Feature Pack 7 or later

Tuning product grouping

The product grouping feature is based on the Solr field collapsing and result grouping query feature. There might be performance impacts when you enable product grouping. Consider the factors that influence performance impacts and how to design and tune to minimize the impact. It is recommended that you assess the business requirements for the affected store pages, as some of the configurations might change the search results being returned.

When product grouping is enabled, and to return the most relevant visual content and accurate facet values, the search scope is increased to use the ALL search type for catalog entries, including SKUs. Although the final search result displayed in the storefront filters out SKUs, some of the preceding processes are still run on the entire result set, which includes SKUs.

The performance impact is typically caused by working with large result sets, caused by increasing the search scope to include SKUs. The following list describes the different factors that contribute to the extra performance impact when you work with larger result sets. Alternative options are presented that can help improve product grouping performance.


  1. Product level facet count and Item level facet count:
    1. SKUs are accounted for when facet count is displayed, since SKUs are included in the search scope. However, there is a group.facet parameter, enabled by default, which can be set to do post query operation to calculate the facet counts at the product level. This operation has a performance impact that is proportional to the number of facets and the size of the result set. This is the default behavior.
    2. Alternatively, override the group.facet value in the search configuration file (wc-search.xml) and set it to false.
      For example:
      • When group.facet is set to true, and a search is submitted for red dress, the following screen capture shows the facet count that is applied:

      • In contrast, when group.facet is set to false, and a search is submitted for red dress, the facet count also represents the matching items, even though the search result displays products only:

    3. When a slow response page load time is observed with group.facet set to true, consider setting the value to false. The site administrator must decide on either displaying the facet count at the item level, or alternatively omitting facet count values.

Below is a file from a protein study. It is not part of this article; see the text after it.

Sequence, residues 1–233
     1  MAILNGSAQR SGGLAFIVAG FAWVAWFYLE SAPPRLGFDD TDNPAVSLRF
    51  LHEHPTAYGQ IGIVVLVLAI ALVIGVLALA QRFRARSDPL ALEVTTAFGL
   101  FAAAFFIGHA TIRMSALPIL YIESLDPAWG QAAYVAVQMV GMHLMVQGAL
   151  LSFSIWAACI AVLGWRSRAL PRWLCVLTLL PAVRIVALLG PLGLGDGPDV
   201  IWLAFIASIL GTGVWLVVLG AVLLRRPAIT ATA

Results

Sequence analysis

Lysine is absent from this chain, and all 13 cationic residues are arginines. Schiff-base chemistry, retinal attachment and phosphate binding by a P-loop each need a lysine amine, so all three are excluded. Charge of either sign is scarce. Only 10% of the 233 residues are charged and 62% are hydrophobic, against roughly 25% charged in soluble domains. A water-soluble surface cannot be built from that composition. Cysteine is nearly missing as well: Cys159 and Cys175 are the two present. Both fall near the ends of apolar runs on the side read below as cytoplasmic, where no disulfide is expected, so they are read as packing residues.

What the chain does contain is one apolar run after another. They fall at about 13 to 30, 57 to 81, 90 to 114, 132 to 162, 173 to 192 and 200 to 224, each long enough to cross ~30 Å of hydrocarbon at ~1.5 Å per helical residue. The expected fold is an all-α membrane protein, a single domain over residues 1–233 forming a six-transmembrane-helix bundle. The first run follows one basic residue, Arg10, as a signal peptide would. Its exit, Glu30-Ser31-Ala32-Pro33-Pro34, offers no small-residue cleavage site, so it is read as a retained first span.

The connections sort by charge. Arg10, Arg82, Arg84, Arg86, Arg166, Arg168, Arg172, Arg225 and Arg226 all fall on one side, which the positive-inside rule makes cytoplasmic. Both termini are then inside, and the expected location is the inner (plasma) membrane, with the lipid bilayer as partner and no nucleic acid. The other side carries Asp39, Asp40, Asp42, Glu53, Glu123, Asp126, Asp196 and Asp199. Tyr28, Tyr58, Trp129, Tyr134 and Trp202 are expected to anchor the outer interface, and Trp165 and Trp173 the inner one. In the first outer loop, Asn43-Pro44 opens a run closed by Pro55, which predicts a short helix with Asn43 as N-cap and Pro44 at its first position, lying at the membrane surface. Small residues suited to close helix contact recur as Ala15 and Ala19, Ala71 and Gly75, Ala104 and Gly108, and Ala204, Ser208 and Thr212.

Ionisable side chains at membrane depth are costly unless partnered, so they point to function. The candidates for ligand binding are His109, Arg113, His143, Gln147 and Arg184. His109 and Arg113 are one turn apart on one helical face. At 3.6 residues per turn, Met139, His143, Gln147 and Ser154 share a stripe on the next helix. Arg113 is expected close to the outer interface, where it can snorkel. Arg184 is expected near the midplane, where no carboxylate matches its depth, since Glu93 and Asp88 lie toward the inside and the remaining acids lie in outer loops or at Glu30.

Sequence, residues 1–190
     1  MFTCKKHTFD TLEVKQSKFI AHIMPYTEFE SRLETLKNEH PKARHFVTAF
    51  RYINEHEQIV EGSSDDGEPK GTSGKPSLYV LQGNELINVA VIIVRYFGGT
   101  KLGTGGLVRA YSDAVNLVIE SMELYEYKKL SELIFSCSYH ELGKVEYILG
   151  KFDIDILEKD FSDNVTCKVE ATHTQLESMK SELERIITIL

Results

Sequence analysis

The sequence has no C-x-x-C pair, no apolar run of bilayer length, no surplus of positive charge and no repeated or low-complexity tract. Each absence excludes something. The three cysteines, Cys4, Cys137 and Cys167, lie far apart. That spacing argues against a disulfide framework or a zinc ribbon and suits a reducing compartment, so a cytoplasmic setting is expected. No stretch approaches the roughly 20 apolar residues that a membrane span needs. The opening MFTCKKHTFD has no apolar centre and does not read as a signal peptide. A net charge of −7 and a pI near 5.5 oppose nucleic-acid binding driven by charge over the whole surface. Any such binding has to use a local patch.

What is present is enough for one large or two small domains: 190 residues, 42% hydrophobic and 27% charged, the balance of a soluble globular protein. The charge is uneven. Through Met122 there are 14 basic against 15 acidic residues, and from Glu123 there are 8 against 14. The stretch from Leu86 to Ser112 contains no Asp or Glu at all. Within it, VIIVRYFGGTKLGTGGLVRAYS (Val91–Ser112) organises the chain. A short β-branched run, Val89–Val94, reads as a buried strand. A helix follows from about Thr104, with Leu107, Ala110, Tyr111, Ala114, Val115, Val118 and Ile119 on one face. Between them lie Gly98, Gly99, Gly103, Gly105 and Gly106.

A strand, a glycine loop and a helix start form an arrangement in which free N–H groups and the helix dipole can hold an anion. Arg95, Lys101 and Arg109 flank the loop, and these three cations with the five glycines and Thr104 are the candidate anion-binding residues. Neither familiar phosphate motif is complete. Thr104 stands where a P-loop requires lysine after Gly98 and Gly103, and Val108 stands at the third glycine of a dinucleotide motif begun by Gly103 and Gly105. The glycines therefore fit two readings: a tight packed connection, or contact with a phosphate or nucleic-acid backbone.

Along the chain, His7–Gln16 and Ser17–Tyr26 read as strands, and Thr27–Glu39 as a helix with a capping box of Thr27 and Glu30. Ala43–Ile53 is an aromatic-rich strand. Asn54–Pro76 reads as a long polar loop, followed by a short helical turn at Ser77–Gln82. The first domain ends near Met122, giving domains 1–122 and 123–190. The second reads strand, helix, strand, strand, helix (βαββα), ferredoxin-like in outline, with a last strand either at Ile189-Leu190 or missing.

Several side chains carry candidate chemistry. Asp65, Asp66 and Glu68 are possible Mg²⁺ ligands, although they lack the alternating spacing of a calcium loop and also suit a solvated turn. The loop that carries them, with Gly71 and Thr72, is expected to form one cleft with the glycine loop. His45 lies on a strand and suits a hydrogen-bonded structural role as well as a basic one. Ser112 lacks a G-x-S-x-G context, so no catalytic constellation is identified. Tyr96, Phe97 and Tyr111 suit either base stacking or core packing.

For example:

  2. Using the default sequencing function on category pages:
    1. The default sequencing function applies a sorting logic on a multivalued field. A sequencing function is created to do so, as Solr does not support sorting on multivalued fields. The larger the result set, the more expensive the sorting operation becomes.
    2. Alternatively, consider disabling the sequencing function, and apply sorting on a single value field.
  3. Expanded category navigation on top category pages.
    1. When expanded category navigation is enabled, the top category pages might return a large result set, which might imply a larger number of facets, and expensive sequencing operations.
    2. Alternatively, consider not displaying product listing widgets on top category pages that might return high large result set, and have only product listing widgets on leaf category pages.
      For example, when expanded category navigation is enabled, and a top category page such as Apparel is selected, all of the products under the Apparel department are returned:

    3. When a slow response page load time is observed on top category pages with deep search is enabled, consider disabling the product listing widget on any other category page other than the leaf category. Instead of displaying products, consider including links on top category pages that direct to leaf categories instead of displaying products.
      For example: